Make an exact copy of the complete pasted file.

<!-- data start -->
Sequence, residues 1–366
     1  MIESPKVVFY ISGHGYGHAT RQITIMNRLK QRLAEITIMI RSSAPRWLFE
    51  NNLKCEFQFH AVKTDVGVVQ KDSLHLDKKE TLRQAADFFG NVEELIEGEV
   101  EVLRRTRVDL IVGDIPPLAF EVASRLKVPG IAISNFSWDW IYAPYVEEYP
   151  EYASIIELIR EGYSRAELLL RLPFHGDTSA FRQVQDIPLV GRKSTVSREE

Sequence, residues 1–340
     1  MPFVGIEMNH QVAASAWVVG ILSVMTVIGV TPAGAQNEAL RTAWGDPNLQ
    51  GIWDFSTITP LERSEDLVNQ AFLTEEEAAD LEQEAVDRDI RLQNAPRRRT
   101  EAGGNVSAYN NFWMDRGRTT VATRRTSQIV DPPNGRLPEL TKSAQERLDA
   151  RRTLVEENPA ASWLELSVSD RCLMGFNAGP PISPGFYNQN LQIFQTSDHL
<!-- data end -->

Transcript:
Sequence, residues 1–366
     1  MIESPKVVFY ISGHGYGHAT RQITIMNRLK QRLAEITIMI RSSAPRWLFE
    51  NNLKCEFQFH AVKTDVGVVQ KDSLHLDKKE TLRQAADFFG NVEELIEGEV
   101  EVLRRTRVDL IVGDIPPLAF EVASRLKVPG IAISNFSWDW IYAPYVEEYP
   151  EYASIIELIR EGYSRAELLL RLPFHGDTSA FRQVQDIPLV GRKSTVSREE

Sequence, residues 1–340
     1  MPFVGIEMNH QVAASAWVVG ILSVMTVIGV TPAGAQNEAL RTAWGDPNLQ
    51  GIWDFSTITP LERSEDLVNQ AFLTEEEAAD LEQEAVDRDI RLQNAPRRRT
   101  EAGGNVSAYN NFWMDRGRTT VATRRTSQIV DPPNGRLPEL TKSAQERLDA
   151  RRTLVEENPA ASWLELSVSD RCLMGFNAGP PISPGFYNQN LQIFQTSDHL